Lourdes Garcia-Navarro
Dario Lopez Mills/N/A

Lourdes Garcia-Navarro

South America Correspondent

Lourdes Garcia-Navarro is an NPR international correspondent covering South America for NPR. She is based in Sao Paulo, Brazil.

Previously, she served a NPR's correspondent based in Israel, reporting on stories happening throughout the Middle East. She was one of the first reporters to enter Libya after the 2011 Arab Spring uprising began and spent months painting a deep and vivid portrait of a country at war. Often at great personal risk, Garcia-Navarro captured history in the making with stunning insight, courage and humanity.

For her work covering the Arab Spring, Garcia-Navarro was awarded a 2011 George Foster Peabody Award, a Lowell Thomas Award from the Overseas Press Club, and an Edward R. Murrow Award from the Corporation for Public Broadcasting and the Alliance for Women and the Media's Gracie Award for Outstanding Individual Achievement.

Before her assignment to Jerusalem began in 2009, Garcia-Navarro served for more than a year as NPR News' Baghdad Bureau Chief and before that three years as NPR's foreign correspondent in Mexico City, reporting from that region as well as on special assignments abroad.

Garcia-Navarro got her start in journalism as a freelancer with the BBC World Service and Voice of America, reporting from Cuba, Syria, Panama and Europe. She later became a producer for Associated Press Television News before transitioning to AP Radio. While there, Garcia-Navarro covered post-Sept. 11 events in Afghanistan and developments in Jerusalem. In 2002, she began a two-year reporting stint based in Iraq.

In addition to the Murrow award, Garcia-Navarro was honored with the 2006 Daniel Schorr Journalism Prize for a two-part series "Migrants' Job Search Empties Mexican Community." She contributed to NPR News reporting on Iraq, which was recognized with a 2005 Peabody Award and a 2007 Alfred I. duPont-Columbia University Silver Baton.

Garcia-Navarro holds a Bachelor of Science degree in International Relations from Georgetown University and an Master of Arts degree in journalism from City University in London. Lourdes is married to Times of London journalist James Hider. They have a daughter and they sometimes travel together for work and always for play.

Highlights from Lourdes Garcia-Navarro

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Lourdes Garcia-Navarro performs with the Vila Isabel Samba School during Carnival in Rio de Janeiro. André Vieira for NPR hide caption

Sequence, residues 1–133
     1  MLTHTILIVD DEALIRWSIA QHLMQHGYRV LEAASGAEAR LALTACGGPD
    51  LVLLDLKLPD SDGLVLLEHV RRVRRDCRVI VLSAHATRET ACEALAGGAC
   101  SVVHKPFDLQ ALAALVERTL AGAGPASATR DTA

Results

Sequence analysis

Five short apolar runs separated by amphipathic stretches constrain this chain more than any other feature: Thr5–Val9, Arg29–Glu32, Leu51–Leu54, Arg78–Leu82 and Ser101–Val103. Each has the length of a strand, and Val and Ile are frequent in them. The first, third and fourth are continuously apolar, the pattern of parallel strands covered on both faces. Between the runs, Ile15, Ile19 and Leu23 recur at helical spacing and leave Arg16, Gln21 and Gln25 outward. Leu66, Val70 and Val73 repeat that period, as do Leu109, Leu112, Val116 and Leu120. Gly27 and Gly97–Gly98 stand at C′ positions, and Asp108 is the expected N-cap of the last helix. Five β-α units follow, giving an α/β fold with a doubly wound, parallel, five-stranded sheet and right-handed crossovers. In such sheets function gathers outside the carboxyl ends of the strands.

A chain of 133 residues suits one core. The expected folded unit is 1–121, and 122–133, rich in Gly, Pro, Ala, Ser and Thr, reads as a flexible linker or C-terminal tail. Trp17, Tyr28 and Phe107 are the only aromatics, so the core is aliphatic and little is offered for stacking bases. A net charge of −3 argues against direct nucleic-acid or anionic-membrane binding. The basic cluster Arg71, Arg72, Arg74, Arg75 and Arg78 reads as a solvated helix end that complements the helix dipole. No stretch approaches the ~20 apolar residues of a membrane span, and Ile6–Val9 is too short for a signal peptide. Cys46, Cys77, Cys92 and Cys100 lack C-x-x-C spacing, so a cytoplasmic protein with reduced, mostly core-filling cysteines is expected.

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A city health worker and a Brazilian soldier point out potential breeding grounds for mosquitoes in the city of Recife. Mario Tama/Getty Images hide caption

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Goats and Soda

Brazilians Have To Learn To Think Like A Mosquito

That's the advice from a biologist as Brazil launches a war on the mosquitoes that are spreading Zika virus.

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Which house does a better job keeping mosquitoes away? In this model set up by health workers to help prevent the spread of Zika, the one on the left appears to have less standing water, which is a magnet for mosquitoes. Rafael Fabres for NPR hide caption

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Goats and Soda

Carnival Gives Brazil Ideas About How To Fight Zika

Dancing mosquitoes, songs and free condoms are part of the events designed to raise Zika consciousness.

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A patient at a Rio de Janeiro clinic has a blood sample taken to check for Zika and other viruses. Vanderlei Almeida/AFP/Getty Images hide caption

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Gleyse Kelly da Silva holds her daughter, Maria Giovanna, who was born with microcephaly. Felipe Dana/AP hide caption

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Marilla Lima had Zika virus while pregnant. Her 2 1/2-month-old son, Arthur, has microcephaly — a birth defect characterized by a small head and severe brain damage. Lourdes Garcia-Navarro/NPR hide caption

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A boy fishes in polluted Guanabara Bay in Rio de Janeiro in August 2015. The bay will be the sailing venue for the Olympic Games this summer. Brazil is facing concerns over polluted water, mass transportation and budget issues as it prepares for the games. Mario Tama/Getty Images hide caption

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A couple watches fireworks exploding over Copacabana Beach in Rio de Janeiro on Jan. 1. Some 2 million people visit the beach on New Year's Eve. Lifeguards say they usually perform more rescues than any other time of the year. Felipe Dana/AP hide caption

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